My clients and I can access MyCase from our cellphones if we want. I’ve sent clients documents and responded to their messages from the Bahamas. MyCase allows me to work on a client’s case from anywhere that has a cellular connection.

Sometimes all clients want is a little knowledge to make them feel better. I’ve used other software systems at other law firms, and no case management system has made my clients happier than MyCase.

–Chris

Can I Sue If The Other Driver Didn’t Have Insurance?

This is a frequent Avvo.com question. What typically happens is someone without bodily injury insurance hits someone who doesn't have uninsured motorist coverage. The person who was hit visits several attorneys, and they all tell her that they can't represent her because there's no way for the attorney to get a recovery. Maybe you're in that position right now. If you are, well, I'm sorry. I cannot help you either.

Law firms are businesses, too, just like any other business. Personal injury attorneys like me make our money off insurance companies, through either bodily injury or uninsured motorist coverage. If neither exists, then we won't touch your case. It's a bad investment.

So, can you sue the other party anyway?

You can sue, but our courts award judgements, not money, and it's up to you to collect on those judgements. Most people who carry only basic insurance are "judgement-proof." In other words, they have nothing, so you get nothing. Litigation isn't free, either. You'll need to pay the filing fee, the process server fees, expert witness fees, and a myriad of other costs. In the end, you might have a worthless judgement that you will never have any hope of collecting on unless the defendant wins the lottery. I wouldn't hold my breath hoping for that to occur.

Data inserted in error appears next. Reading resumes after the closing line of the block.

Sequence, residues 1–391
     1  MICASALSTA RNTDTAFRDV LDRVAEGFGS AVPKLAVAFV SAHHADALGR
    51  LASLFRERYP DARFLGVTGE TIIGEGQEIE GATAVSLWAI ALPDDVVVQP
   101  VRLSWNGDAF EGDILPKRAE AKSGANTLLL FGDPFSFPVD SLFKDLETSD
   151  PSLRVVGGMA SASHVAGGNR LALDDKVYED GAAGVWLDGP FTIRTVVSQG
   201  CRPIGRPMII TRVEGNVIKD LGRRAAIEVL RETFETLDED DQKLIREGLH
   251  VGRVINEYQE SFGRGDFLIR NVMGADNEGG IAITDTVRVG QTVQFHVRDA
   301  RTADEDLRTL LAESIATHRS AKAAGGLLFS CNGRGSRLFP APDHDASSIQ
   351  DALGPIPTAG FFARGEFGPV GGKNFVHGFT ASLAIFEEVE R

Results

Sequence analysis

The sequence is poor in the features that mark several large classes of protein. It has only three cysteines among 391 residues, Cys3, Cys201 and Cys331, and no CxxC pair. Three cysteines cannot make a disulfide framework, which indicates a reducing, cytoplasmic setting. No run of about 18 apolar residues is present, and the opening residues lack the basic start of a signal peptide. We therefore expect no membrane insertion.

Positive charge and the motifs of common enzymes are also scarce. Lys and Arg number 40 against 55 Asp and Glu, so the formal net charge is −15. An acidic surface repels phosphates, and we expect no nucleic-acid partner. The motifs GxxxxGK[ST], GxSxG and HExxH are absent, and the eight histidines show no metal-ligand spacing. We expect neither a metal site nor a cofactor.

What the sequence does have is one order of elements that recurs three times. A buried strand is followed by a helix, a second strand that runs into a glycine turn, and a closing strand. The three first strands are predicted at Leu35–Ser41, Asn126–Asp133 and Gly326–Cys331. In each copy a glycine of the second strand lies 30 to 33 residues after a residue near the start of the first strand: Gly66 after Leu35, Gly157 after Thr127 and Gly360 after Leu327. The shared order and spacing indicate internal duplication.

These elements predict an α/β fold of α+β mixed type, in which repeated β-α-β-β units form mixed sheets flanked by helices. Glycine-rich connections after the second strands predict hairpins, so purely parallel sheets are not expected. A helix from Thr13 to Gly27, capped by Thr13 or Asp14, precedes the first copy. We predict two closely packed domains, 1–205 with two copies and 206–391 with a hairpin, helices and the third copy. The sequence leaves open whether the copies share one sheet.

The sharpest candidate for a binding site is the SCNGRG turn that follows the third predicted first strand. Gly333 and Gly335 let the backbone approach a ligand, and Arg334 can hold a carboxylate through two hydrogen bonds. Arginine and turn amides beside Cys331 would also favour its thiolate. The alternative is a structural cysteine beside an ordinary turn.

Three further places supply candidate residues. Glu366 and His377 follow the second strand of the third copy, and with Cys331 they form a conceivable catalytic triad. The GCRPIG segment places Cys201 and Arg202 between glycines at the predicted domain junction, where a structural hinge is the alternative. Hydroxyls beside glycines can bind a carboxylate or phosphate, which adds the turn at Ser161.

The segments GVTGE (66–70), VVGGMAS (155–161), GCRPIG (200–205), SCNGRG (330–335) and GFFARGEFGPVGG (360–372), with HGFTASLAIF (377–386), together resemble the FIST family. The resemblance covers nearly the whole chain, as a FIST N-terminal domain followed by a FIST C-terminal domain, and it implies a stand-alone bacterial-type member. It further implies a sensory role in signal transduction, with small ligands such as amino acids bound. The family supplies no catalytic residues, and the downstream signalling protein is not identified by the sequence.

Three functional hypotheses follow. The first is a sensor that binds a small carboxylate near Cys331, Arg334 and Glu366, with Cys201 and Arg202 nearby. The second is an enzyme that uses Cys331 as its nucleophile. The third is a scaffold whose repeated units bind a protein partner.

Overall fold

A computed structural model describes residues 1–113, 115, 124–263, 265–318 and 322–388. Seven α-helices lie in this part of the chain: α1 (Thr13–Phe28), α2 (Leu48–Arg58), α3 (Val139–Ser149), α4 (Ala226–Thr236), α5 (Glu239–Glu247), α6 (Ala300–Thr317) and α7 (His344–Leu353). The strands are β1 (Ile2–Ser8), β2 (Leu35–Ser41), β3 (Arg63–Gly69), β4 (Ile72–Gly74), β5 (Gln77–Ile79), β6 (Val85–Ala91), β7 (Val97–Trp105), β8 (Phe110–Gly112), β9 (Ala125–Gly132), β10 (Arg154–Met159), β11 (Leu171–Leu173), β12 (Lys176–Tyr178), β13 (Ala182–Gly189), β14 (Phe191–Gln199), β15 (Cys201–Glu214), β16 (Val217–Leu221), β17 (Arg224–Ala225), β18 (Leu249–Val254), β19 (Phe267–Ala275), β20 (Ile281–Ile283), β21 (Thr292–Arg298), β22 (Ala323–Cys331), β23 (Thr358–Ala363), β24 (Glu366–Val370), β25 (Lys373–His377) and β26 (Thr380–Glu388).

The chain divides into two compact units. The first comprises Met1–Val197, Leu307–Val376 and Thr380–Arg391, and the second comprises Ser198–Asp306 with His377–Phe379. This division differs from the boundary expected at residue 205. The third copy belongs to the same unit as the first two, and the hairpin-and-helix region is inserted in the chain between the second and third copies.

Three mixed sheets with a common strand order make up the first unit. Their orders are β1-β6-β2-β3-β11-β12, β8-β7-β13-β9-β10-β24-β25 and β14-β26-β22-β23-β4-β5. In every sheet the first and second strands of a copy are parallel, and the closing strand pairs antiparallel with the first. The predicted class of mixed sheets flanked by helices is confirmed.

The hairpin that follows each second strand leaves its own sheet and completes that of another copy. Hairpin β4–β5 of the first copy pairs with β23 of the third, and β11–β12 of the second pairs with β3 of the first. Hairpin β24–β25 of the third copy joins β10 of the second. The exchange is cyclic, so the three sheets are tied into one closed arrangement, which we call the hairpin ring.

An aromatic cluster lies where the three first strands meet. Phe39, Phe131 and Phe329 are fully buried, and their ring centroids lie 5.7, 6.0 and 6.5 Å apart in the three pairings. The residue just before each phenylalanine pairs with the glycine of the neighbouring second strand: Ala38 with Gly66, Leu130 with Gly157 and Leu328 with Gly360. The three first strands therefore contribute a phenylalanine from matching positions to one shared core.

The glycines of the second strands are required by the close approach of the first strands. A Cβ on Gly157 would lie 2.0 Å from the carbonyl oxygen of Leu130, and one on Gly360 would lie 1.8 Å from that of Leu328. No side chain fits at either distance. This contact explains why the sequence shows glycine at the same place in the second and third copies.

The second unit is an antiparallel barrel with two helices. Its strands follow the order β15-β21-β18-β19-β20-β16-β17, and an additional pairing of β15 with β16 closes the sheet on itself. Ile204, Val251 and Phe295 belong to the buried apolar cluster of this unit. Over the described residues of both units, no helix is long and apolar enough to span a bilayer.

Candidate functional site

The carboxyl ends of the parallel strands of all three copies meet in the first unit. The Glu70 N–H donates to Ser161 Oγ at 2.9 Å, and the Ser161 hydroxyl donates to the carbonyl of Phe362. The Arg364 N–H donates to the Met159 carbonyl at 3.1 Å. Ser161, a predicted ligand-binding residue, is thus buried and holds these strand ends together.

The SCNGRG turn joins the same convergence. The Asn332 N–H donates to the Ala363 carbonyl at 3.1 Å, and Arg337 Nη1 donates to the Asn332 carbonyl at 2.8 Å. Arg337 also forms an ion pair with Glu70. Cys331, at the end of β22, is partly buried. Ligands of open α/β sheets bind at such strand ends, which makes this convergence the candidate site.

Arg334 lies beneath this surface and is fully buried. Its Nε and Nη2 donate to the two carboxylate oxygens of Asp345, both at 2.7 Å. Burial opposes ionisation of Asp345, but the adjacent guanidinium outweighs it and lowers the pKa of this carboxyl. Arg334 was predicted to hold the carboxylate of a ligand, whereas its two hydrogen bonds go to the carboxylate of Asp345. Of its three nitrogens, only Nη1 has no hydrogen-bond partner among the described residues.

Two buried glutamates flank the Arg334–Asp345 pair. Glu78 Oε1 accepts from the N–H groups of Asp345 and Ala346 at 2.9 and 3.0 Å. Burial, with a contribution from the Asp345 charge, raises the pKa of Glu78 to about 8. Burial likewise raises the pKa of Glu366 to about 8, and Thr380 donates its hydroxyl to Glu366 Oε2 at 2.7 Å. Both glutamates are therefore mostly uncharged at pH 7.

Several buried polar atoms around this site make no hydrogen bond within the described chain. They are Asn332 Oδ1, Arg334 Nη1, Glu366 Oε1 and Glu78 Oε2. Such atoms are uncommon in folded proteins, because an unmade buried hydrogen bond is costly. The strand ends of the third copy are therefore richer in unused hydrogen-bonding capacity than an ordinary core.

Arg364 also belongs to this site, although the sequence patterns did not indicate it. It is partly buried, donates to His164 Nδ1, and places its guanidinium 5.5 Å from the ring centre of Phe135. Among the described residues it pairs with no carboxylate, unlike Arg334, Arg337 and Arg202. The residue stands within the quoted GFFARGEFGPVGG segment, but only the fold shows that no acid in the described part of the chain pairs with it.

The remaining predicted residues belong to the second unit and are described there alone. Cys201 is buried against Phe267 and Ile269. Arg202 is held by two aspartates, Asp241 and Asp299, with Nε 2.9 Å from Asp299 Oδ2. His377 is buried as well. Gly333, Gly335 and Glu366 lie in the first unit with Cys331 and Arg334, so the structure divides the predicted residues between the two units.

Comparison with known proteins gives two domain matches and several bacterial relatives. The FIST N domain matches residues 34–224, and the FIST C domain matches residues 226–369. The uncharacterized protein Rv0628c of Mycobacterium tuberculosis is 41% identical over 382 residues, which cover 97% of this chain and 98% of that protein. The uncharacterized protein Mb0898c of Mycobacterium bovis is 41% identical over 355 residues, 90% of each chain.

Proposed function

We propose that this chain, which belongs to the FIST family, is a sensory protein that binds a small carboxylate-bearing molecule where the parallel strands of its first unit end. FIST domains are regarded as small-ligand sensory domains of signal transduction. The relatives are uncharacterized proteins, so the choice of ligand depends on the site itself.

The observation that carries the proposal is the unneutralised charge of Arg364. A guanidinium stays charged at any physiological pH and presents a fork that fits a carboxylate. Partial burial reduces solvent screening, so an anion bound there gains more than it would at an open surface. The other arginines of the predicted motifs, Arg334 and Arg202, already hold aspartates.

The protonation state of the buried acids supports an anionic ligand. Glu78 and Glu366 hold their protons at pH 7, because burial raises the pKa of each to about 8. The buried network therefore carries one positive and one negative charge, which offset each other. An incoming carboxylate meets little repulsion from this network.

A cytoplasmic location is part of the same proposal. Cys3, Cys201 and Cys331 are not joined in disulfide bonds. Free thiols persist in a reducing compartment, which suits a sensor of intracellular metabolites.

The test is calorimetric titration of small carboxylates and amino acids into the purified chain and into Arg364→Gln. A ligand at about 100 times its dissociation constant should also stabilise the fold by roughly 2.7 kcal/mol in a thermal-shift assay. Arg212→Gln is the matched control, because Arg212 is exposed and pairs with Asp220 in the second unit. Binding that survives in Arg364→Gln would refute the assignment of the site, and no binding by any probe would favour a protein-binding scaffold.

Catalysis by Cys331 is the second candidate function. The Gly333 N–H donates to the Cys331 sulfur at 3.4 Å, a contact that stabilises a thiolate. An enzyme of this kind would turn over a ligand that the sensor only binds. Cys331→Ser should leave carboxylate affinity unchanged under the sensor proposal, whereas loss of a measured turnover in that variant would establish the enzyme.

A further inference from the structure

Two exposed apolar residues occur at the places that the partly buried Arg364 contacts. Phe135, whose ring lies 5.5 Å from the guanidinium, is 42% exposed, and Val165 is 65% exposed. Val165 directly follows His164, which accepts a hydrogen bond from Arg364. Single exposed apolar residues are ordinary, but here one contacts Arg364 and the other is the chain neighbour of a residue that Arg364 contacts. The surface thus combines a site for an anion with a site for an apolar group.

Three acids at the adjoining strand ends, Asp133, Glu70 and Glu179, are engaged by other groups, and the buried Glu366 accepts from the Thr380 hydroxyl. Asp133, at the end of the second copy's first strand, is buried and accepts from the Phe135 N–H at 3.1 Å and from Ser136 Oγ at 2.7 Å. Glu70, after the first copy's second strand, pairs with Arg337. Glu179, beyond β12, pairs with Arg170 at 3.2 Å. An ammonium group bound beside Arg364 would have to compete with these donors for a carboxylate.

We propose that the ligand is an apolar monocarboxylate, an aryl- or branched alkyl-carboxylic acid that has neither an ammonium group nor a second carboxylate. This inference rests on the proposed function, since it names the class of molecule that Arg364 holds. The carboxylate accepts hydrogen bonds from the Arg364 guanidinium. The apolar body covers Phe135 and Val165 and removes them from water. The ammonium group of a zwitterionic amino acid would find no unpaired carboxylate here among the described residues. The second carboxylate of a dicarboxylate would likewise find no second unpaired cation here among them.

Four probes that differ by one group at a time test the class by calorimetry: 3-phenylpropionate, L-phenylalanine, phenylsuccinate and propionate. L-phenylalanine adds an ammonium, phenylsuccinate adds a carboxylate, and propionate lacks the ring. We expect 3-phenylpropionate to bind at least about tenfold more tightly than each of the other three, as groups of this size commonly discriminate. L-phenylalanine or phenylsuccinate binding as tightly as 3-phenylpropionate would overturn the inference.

Here's my advice: Take that money and buy insurance, and buy as much stacked uninsured motorist coverage as you can afford. You'll be glad you did it the next time some other uninsured driver hurts you.

Why You Need Uninsured Motorist Coverage

Imagine not being at-fault in a crash but having medical bills that can bankrupt you because the other driver did not have bodily injury liability coverage.

I've seen it happen far too many times in my nearly 15 years as a claims adjuster and attorney.

Approximately 25% of Florida drivers do not have any insurance coverage. Even those drivers who have insurance coverage often don't have bodily injury liability ("BI") coverage. That's because Florida doesn't require BI coverage to drive in this state. You could be stuck with enormous hospital bills and only your $10,000 of Personal Injury Protection ("PIP") to soften the financial blow, and $10K doesn't last long.

Some people do have BI coverage, but usually, it's at very low amounts of $10K per person and $20K per crash. That's not much help either in many cases. I reviewed a client's hospital bill last night, and it was over $58,000 for his emergency room visit. My client didn't have any broken bones and did not require surgery.

Sadly, I wasn't shocked.

The client was somewhat fortunate that the other driver had $10K of BI coverage, but his $10K of PIP and the $10K of BI coverage really won't help much unless the hospital agrees to reduce or waive his bill. The chances of the hospital waiving his bill are very slim. I've been able to do it in the past, but there's no guarantee it will happen this time. As I tell my clients, those people don't work for me and I cannot force them to do anything. All I can do is ask nicely.

So what can you do to protect yourself?

Buy as much uninsured motorist ("UM") coverage as you can afford. It's inexpensive protection.

Insurance companies don't want to sell it to you. That's because Florida is a risky place to drive and your chances of being injured in even a minor collision are very high.

Don't let an insurance agent talk you into not buying UM coverage. Buy as much as you can afford. You should also buy "stacked" UM coverage rather than non-stacked UM coverage even if you only own one vehicle. There are several advantages to stacked UM coverage that I'll discuss in another post.

Buy stacked UM coverage. Don't count on the other guy to protect you.

Be safe out there.

--Chris
DillinghamLaw.org